In FIG. 1, numeral 12 refers to a substrate, 14 a vapor-deposited phosphor layer, 16 a protective layer, and 18 a frame.

The IP 10 shown in FIG. 1 has the vapor-deposited tabular phosphor layer 14 formed on the central portion of the tabular substrate 12. The frame 18 is formed on the substrate 12 so as to surround the phosphor layer 14. The frame 18 formed on the substrate 12 on the periphery of the phosphor layer 14 has a larger height than the thickness of the phosphor layer 14. The protective layer 16 is formed on the frame 18 so as to seal the vapor-deposited-phosphor layer 14 therewith.

Inset A in FIG. 1 is an enlarged view of the phosphor layer 14. As shown in the insert, the phosphor layer 14 is formed as an assemblage of a large number of columnar crystals 14 a. The columnar crystals 14 a are generally cylindrical and their size (diameter) ranges from several micrometers to ten-odd micrometers. As is obvious from the inset A, the top of each columnar crystal 14 often protrudes in the center.

By controlling the conditions of evaporation, the columnar crystals 14 a can be grown in such a way that gaps will remain in the phosphor layer 14. By adjusting the relative density of the phosphor layer with such gaps taken into account, various characteristics of the phosphor layer 14 can be controlled.

Take, for example, the case shown in FIG. 2 which is a graphic representation of two characteristic factors (relative sensitivity and the required quantity of erasing light) of the phosphor layer 14 for relative densities over the range of 50% to 90%.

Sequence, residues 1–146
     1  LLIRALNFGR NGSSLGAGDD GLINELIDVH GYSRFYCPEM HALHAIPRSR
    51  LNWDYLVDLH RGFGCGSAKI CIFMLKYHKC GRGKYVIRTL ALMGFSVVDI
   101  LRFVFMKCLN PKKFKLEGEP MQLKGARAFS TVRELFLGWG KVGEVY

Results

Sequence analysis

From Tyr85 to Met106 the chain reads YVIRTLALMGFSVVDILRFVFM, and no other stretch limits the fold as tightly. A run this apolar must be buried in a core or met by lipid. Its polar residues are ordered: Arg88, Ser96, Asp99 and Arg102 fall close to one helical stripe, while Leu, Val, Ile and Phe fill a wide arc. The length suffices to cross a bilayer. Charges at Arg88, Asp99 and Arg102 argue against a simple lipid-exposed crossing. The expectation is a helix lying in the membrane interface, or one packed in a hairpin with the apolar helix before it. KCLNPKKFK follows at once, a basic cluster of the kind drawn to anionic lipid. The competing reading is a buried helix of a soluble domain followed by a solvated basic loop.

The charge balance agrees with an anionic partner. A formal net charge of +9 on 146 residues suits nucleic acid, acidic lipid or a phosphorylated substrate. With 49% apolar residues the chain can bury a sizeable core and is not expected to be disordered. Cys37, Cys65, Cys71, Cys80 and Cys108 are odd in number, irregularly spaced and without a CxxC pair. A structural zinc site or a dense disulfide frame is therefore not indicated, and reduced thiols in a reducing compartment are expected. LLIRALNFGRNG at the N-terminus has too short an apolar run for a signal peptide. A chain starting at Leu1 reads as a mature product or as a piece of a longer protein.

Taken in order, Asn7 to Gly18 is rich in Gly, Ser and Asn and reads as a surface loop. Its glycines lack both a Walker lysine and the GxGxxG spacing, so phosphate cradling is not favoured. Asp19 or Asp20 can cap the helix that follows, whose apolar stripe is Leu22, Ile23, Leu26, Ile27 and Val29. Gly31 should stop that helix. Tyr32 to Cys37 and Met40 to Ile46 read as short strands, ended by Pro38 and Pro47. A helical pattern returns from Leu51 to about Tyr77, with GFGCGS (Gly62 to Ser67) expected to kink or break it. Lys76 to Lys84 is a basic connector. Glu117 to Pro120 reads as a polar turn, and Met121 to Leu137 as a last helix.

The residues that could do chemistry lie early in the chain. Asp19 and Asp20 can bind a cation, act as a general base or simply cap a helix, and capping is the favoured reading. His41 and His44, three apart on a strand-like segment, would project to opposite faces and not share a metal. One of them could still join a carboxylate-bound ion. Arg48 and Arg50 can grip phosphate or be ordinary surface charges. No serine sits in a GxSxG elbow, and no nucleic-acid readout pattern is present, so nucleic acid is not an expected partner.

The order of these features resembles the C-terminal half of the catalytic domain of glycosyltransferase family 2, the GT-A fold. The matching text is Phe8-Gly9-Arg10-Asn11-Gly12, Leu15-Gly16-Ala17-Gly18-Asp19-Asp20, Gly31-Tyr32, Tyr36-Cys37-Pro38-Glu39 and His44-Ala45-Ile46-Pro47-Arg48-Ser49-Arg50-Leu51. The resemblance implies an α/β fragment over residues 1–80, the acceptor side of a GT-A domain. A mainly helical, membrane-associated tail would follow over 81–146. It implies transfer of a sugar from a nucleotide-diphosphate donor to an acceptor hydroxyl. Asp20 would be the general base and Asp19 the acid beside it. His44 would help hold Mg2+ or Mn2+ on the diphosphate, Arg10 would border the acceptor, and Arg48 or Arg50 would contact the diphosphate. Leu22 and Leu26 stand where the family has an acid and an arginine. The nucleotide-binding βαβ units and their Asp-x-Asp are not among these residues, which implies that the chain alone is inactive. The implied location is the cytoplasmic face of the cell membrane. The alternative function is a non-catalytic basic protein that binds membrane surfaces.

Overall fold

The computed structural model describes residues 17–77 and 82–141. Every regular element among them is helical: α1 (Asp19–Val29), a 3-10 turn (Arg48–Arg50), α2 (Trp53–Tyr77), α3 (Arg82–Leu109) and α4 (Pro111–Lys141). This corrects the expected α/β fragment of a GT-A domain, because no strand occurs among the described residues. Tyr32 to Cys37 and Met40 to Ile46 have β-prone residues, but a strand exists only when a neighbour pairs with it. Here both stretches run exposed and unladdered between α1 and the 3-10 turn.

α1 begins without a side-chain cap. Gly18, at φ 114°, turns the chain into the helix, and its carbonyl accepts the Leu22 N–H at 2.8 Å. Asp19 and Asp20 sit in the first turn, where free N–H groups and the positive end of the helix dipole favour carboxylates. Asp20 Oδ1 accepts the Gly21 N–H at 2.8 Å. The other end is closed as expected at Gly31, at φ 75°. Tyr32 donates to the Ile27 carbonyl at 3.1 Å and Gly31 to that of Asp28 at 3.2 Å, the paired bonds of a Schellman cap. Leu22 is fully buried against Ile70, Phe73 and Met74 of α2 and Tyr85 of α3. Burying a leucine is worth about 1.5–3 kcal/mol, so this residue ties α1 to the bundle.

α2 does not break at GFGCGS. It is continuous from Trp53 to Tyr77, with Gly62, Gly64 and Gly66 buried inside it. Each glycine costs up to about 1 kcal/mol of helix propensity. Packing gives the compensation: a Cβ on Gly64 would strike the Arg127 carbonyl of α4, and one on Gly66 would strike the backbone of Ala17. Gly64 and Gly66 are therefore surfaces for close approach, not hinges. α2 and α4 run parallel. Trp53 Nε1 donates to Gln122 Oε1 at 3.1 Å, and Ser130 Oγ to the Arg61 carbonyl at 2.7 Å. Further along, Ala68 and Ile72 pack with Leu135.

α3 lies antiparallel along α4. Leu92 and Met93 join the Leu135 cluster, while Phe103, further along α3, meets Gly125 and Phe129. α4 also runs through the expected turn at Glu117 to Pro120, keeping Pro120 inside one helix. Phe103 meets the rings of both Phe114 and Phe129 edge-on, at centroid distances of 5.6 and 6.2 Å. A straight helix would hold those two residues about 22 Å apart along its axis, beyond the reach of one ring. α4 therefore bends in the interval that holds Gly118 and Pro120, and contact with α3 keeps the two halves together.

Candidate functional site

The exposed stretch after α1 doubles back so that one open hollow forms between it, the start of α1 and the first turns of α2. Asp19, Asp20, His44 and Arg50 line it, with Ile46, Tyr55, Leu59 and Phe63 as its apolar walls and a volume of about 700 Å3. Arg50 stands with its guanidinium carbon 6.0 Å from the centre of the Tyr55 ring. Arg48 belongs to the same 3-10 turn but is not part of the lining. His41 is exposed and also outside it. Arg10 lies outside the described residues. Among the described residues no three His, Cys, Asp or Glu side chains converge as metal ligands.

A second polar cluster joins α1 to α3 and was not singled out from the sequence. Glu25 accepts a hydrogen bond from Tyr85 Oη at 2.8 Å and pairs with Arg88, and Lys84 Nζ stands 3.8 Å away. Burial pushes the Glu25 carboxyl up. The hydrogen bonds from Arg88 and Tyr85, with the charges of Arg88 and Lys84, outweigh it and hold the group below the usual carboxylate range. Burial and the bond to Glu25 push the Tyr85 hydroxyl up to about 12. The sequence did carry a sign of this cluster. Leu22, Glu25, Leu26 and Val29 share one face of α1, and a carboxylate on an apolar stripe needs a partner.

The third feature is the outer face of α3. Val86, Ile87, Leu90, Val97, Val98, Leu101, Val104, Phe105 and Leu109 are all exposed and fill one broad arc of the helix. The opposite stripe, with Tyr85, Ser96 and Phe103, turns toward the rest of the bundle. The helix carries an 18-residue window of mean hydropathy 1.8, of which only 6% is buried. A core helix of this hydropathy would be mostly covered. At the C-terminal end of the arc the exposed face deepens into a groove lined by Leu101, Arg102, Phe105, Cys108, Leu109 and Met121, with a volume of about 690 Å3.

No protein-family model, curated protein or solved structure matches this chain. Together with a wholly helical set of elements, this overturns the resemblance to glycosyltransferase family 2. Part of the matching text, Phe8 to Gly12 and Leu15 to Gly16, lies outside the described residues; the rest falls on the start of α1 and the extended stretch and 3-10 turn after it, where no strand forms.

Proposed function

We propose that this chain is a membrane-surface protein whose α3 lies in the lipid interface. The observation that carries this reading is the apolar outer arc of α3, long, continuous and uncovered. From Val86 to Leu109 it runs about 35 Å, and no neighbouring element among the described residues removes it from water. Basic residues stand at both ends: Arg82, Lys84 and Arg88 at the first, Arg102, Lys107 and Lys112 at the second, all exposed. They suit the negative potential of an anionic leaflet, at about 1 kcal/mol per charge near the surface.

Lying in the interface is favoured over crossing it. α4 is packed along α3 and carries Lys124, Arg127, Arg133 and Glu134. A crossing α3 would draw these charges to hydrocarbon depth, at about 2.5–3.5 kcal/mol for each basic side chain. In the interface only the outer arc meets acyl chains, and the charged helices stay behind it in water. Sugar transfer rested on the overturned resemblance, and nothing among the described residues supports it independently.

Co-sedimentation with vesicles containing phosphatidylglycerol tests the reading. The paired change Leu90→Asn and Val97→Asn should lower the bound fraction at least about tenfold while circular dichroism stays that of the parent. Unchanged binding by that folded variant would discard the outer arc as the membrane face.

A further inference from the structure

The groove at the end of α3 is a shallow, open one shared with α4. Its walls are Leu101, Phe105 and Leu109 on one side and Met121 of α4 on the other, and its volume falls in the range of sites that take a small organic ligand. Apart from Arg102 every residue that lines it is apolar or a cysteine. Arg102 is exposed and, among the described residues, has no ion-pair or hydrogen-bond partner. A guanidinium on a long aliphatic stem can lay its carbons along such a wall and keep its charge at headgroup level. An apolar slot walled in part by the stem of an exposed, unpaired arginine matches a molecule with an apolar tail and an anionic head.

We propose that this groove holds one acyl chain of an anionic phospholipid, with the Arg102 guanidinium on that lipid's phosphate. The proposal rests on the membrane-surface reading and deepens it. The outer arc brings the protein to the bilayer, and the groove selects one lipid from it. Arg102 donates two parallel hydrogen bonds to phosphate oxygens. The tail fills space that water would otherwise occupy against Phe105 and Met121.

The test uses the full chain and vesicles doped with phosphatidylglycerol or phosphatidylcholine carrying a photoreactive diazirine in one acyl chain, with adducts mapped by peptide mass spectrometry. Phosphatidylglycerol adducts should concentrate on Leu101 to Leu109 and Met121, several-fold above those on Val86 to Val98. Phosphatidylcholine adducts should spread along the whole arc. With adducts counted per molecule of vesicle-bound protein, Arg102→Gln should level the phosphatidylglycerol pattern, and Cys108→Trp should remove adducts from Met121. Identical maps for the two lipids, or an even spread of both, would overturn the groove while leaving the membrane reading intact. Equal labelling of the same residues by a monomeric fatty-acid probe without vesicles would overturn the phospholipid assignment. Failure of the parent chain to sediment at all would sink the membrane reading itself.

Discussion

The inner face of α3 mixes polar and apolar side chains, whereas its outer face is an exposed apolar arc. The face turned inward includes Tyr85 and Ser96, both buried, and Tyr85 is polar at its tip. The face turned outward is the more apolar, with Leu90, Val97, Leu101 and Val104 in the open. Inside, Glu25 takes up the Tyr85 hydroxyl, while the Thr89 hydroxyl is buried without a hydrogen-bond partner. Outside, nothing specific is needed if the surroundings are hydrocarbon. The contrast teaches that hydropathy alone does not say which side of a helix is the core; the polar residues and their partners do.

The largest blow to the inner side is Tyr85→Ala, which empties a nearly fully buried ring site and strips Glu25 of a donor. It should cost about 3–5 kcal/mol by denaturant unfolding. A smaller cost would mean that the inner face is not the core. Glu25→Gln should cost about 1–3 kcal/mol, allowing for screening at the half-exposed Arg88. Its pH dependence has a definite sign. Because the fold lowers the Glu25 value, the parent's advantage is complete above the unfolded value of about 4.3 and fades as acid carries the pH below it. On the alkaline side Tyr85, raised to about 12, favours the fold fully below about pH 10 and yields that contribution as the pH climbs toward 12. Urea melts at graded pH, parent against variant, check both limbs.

As is clear from FIG. 2, the relative sensitivity of the phosphor layer 14 tends to decrease with the decreasing relative density; this is probably due to the decrease in the total amount of the phosphor that absorbs X-rays. The required quantity of erasing light also tends to decrease with the decreasing relative density and this is probably because the gaps between the columnar crystals 14 a contribute to enhancing the efficiency of utilization of the erasing light.

FIG. 2 shows a profile of the quantity of erasing light required by the phosphor layer as its relative density varies. The data was obtained for plural samples of the phosphor layer having different relative densities by measuring the quantity of erasing light that was required by each sample until the afterglow (the quantity of photostimulated luminescence, PSL, remaining after erasure) became 2.0×10−4 times as much as the PSL (initial value) for the case where exposure to X-rays was immediately followed by excitation without application of erasing light. The smaller the value of this factor, the better.